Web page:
Will it be different this time around?
For those of us that have worked in the built environment sustainability sector for some time, it could feel as if we’ve been here before – a significant disruption to the economic status quo, followed by much shouting from the rooftops by select sectors of Business and Industry about the opportunity to harness fiscal stimuli to tackle recovery in a way that makes a positive impact to jobs, resilience and, crucially, the environment.
We have also heard platitudes from Governments in response before, with broad statements of intent in this area – and some progress has been made, but it has seemed to many to be piecemeal, frustratingly incremental and to lack sufficient teeth to really kick-on with the agenda in a way that provides the much-needed step change demanded by the science around climate change.
This has generally been followed by action from a few enlightened leaders, with the remainder of industry being dragged along by regulatory changes as and when they occur – which is understandable, given the legally-binding fiduciary duty of Board of Directors to ‘promote the success’ of their companies, typically interpreted as financial performance over the short term!
Recessions are an inherent feature of our capitalist economy – we have been though them before and we will go through them again. The real question is whether the climate debate has now gathered sufficient momentum and critical mass to be an unavoidable and urgent issue that prompts real, material and game-changing action by Government.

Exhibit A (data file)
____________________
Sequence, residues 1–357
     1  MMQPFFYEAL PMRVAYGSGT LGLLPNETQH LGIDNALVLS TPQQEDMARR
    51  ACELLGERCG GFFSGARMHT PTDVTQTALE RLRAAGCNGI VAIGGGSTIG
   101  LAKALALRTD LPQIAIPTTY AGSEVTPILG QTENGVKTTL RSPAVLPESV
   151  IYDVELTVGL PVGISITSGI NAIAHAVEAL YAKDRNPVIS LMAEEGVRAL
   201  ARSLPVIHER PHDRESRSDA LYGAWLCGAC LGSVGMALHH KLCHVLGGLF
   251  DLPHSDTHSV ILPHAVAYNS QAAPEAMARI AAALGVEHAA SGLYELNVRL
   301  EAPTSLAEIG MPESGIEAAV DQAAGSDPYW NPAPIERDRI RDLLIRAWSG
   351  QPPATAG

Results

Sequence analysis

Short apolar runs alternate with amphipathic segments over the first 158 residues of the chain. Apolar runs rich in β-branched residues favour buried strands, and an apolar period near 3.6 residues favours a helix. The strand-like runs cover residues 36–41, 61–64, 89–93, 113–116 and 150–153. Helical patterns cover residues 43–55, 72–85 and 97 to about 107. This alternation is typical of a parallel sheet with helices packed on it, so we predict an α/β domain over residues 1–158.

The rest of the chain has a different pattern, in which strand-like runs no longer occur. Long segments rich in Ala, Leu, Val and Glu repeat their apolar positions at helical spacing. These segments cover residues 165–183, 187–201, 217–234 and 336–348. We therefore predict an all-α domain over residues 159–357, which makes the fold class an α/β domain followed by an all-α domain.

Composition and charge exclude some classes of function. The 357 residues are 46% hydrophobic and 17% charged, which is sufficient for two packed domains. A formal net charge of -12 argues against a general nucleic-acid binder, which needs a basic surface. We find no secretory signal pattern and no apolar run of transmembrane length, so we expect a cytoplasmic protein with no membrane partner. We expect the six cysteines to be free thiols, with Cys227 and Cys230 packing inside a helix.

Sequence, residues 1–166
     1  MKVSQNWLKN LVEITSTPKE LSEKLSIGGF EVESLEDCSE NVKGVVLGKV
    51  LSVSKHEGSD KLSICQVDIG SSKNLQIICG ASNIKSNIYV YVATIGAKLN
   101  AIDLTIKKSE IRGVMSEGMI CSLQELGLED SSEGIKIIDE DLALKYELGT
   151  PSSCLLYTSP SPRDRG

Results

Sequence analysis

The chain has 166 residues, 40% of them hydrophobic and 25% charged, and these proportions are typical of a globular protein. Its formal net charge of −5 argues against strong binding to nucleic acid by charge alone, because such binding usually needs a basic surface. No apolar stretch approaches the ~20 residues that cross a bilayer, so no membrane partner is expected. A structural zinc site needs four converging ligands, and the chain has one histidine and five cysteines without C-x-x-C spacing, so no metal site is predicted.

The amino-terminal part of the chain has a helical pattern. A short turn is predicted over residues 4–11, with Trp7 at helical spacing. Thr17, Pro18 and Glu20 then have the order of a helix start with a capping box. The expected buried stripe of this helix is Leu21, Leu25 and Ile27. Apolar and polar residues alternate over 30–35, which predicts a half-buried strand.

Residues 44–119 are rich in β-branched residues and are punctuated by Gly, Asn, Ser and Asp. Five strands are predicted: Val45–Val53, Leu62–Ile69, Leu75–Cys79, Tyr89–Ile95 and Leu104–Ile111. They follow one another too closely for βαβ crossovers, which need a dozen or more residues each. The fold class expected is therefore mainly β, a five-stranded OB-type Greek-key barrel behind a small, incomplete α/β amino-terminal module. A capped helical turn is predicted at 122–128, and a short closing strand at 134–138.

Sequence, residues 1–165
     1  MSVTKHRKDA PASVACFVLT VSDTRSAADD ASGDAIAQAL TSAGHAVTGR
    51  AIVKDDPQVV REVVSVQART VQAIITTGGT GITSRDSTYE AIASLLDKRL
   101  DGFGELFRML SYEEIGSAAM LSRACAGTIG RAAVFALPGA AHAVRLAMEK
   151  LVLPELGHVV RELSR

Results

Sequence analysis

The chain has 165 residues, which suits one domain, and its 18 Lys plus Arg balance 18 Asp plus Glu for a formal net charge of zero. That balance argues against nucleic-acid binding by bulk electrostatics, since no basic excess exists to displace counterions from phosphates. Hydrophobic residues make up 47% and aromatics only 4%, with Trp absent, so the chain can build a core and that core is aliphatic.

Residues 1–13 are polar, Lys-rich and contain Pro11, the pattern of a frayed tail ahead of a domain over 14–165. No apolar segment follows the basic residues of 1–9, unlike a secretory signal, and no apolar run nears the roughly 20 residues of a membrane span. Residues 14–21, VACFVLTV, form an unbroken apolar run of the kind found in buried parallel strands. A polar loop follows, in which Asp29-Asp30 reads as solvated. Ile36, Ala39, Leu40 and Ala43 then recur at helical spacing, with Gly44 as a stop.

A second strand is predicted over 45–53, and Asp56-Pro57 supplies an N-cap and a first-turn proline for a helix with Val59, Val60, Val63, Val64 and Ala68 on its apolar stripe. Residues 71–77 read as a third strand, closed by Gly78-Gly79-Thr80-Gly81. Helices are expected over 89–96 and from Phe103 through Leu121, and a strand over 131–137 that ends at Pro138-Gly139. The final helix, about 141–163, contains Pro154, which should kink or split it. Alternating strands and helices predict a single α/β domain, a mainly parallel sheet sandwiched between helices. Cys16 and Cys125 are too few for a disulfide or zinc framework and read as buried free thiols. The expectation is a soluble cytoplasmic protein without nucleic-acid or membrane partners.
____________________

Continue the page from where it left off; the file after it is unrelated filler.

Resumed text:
It’s tempting to say not – that we will again see good intention and high-profile speeches, but scant impactful change.
And yet, there are glimmers of hope – the recently announced £3bn investment by the UK Government into ‘green projects’, the Green Jobs Challenge Fund, and the weight being put behind the ‘Build Back Better’ policy responses to COVID-19 across the OECD member states. On the face of it, these seem to be more than the mere ‘drop in the ocean’ interventions we’ve seen previously.
This, coupled with a thoroughly engaged generation that is now becoming the primary economic demographic demanding change, and the absolute cacophony of businesses committing to Net Zero targets, either aligned to or ahead of the UK’s own 2050 target, seems to indicate a real change of attitude and unavoidable agency pushing forward the agenda.
Could we be on the cusp of something many of us have been working for decades for? At ETS, our fingers are so firmly crossed that we’re nearing the point of loss of circulation!
The role of the Built Environment and, crucially, data!
Any Green Economic Recovery simply cannot ignore the opportunities available across the built environment.
Again, without wanting to go over old ground – it is well known that the role the built environment plays in national and international carbon emissions is huge, and that tacking energy inefficiency across both the residential and commercial sectors provides an enormous chance to make a significant dent in emissions.